A Thread of Grace

A Thread of Grace
by Mary Doria Russell
2005/ 464 pages
Rating ?

Been meaning to read this for ages because I really loved The Sparrow and although Children of God was an obvious sequel with nowhere near the impact of the first book,   Russell’s novel Doc was excellent.  So I’m kind of a Russell fan.

The book begins in the month Italy announced its alliance with the Allies in WWII,  September 1943.   The Jews of France fled there in large numbers thinking it would be a place of safety.  But such was not the case as Hitler’s forces just followed them.   This resulted in a whole lot of messy fighting.

In the mountains of the Piedmont the local and mostly Catholic Italians had to put up with German and Italian Forces as well as Communist partisans,  Jewish Italians, Jewish immigrants and German deserters.  The local people try to protect the immigrant Jews from the German forces but often just who is whom gets mixed up.

There are a LOT of characters but Russell included a list at the beginning of the book.

The book opens with a Jewish girl and her father,  Claudia and Albert Blum, leaving France for Italy.  They meet an Italian soldier who helps them get to a safe place.  City Jews send money and supplies to help the school harbor the refugees.  Then a German defector shows up begging a priest’s absolution.

This book is based on true events which Russell explains in a Note at the end.

I knew the history (generally).  There’s no real plot to follow (until about page 300),  there are just several story lines which weave in and out alternating.   Few of the abundance of characters are well developed although the “types” are certainly there.  There are very few ethical dilemmas for the reader – only for some of the characters.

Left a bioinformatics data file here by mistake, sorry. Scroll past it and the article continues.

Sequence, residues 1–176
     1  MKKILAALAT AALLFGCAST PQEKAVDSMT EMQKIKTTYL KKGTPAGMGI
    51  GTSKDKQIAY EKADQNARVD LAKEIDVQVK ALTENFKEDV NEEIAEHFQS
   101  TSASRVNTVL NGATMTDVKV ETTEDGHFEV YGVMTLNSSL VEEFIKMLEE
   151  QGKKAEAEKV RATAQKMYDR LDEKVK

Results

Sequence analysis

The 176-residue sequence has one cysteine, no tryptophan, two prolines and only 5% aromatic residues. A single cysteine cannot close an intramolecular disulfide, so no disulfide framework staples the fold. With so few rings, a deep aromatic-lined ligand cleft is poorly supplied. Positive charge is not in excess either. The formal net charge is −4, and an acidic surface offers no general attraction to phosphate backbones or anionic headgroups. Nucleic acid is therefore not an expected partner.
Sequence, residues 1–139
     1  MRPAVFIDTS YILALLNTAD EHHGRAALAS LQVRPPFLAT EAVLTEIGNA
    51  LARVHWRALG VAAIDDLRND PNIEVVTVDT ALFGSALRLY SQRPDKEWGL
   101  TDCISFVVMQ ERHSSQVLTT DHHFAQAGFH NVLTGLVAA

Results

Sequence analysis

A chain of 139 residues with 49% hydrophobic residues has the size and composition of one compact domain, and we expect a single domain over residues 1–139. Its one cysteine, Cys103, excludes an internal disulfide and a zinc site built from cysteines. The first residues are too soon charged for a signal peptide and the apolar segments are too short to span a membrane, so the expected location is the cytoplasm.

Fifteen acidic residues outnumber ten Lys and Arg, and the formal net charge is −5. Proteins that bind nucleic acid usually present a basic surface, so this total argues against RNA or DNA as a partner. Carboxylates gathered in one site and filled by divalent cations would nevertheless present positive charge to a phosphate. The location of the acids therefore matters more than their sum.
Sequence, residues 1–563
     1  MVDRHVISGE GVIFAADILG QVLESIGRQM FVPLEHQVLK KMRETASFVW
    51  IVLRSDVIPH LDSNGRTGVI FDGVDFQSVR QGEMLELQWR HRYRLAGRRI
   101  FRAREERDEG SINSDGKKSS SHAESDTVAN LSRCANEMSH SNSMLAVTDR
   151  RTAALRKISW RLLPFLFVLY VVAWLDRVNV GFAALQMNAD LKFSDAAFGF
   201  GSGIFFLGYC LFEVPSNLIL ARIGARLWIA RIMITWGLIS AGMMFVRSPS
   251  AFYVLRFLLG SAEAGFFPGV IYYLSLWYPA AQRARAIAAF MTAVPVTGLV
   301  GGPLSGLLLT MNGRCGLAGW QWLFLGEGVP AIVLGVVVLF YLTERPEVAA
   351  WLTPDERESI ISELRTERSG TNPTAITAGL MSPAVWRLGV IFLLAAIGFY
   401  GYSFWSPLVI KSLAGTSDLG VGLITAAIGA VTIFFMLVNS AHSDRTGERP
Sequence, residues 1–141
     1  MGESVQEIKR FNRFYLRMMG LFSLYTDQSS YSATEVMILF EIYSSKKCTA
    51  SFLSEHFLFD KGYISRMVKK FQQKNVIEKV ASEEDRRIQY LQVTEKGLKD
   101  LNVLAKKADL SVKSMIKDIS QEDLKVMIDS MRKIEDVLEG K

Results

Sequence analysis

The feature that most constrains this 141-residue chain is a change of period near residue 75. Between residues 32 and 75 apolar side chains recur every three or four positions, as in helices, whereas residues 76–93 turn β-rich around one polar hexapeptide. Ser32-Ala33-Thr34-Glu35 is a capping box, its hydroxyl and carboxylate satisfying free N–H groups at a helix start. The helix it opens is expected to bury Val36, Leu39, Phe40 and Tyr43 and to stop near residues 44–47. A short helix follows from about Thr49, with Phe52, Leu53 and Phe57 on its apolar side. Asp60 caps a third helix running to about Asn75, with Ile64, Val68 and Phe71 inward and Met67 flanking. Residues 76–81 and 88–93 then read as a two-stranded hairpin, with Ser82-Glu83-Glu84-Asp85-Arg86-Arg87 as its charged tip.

On the good side,  the novel is not about any of those things but rather about the situation in Italy after Germany invaded toward the end of the war.  There were immigrant Jews,  Italian Catholics,  German military people,  Communists,  mothers, daughters, fathers and sons, there were drunks and priests and lovers.

Mentioned on pg 27  Guido Lospinoso:

In response the Germany’s dissatisfaction, Mussolini set up the polizia razziale (Racial Police), appointing Guido Lospinoso Inspector General of Racial Policy.  Lospinoso was sent to Nice with assurances of compliance with Nazi policy. However, once in Nice, Lospinoso, with urgings from Capuchin priest Pére Marie Benoit from Marseilles, refused to implement the deportation orders. He evaded the SS Gestapo and other Nazi officials who tried to meet with him by going into hiding. The Germans finally concluded that Lospinoso was not only ignoring orders, he was actively involved in saving Jews. Lospinoso didn’t care. With the help of Father Benoit and Angelo Donati, a Roman Jewish banker, he delayed deportations and arranged the transfer of thousands of Jews to remote areas of the South of France, like Cap Martin, near Monaco.

There’s a saying in Hebrew,” he tells her, ” ‘No matter how dark the tapestry God weaves for us, there’s always a thread of grace.’

http://50italians.com/treatment.html

http://www.nytimes.com/2010/11/05/nyregion/05italians.html

Reviews:
http://www.guardian.co.uk/books/2005/mar/12/featuresreviews.guardianreview20

http://www.readinggroupguides.com/guides3/thread_of_grace1.asp

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